Military and Congressional leaders spent more than $10 billion on four failed defense projects that were flawed from the beginning, according to a Los Angeles Times special report.
Congressional leaders whose states benefitted from the missile defense programs refused to listen to advice from Patrick J. O’Reilly, the head of the Missile Defense Agency, when he said the programs were technically flawed, according to the Los Angeles Times.
“These things really didn’t have a lot of merit. It was just how they were packaged and sold in Washington.”
The missile defense programs included the giant $2.2 billion floating Sea-Based X-Band Radar that was unable to tell the difference between missiles and decoys and had to be scrapped, according to the Los Angeles Times.
There was also a fleet of Boeing 747s armed with lasers that would have had to fly into enemy territory to accomplish their mission, leaving the planes defenseless. That program cost taxpayers $5.3 billion.
A missile designed to shoot down other missiles, called the Kinetic Energy Interceptor, cost taxpayers $1.7 billion. It was too big to actually fit on US Navy ships and the project had to be shelved.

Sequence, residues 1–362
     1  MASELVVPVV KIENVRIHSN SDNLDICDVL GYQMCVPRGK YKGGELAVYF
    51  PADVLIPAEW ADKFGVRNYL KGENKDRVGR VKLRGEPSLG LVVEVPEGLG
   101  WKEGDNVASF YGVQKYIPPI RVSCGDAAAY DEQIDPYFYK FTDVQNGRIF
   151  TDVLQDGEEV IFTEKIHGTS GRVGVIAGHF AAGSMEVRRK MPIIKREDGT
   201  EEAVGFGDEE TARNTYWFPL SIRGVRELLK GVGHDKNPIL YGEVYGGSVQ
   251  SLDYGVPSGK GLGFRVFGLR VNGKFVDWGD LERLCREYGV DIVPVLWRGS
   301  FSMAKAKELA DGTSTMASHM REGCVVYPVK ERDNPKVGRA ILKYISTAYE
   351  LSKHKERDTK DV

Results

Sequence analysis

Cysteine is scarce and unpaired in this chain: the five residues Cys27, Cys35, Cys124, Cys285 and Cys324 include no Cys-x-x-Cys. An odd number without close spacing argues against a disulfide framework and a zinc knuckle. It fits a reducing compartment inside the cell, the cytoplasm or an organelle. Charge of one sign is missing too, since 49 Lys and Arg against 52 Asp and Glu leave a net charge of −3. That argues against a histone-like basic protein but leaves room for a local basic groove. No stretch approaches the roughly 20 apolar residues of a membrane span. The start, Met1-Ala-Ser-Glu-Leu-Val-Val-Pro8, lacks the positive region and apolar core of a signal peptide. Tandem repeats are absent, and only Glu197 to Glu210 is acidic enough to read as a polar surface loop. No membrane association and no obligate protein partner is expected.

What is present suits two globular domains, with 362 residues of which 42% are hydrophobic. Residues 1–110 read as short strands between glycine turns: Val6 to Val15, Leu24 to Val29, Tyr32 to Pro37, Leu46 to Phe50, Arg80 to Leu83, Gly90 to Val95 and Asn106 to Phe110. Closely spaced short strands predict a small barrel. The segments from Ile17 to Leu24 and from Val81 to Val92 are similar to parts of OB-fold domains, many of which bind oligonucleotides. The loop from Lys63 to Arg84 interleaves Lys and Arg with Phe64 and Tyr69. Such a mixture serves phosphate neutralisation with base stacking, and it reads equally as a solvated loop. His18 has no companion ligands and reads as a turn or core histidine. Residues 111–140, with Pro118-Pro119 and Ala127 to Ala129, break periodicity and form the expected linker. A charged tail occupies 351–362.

Meanwhile, the $700 million Multiple Kill Vehicle designed to shoot a bunch of little missiles at enemy missiles. After four years, the designers hadn’t conducted a single test flight and the program was shut down.
Mike Corbett, a retired Air Force colonel who oversaw the agency’s contracting for defense weapons systems, told the Los Angeles Times the country got nothing for its money.
“You can spend an awful lot of money and end up with nothing. MDA spent billions and billions on these programs that didn’t lead anywhere.”
The missile defense programs were bankrolled under a program to defend the nation from attack by rogue nation states like Iran and North Korea.
Now, the new head of the Missile Defense Agency, Vice Admiral James Syring, is asking Congress for more money to fund other anti-missile programs, according to the St. Louis Post-Dispatch.
Lawmakers say the missile defense agency could see its budget cut by 18 percent next year if certain budget caps aren’t lifted.
Meanwhile, Russia has successfully upgraded their missile systems, and President Vladimir Putin recently claimed the United States wouldn’t be able to shoot them down, according to the Inquisitr.
In February, the Pentagon began an internal review of all its missile defense programs with the intention of creating a successful system, according to News Max.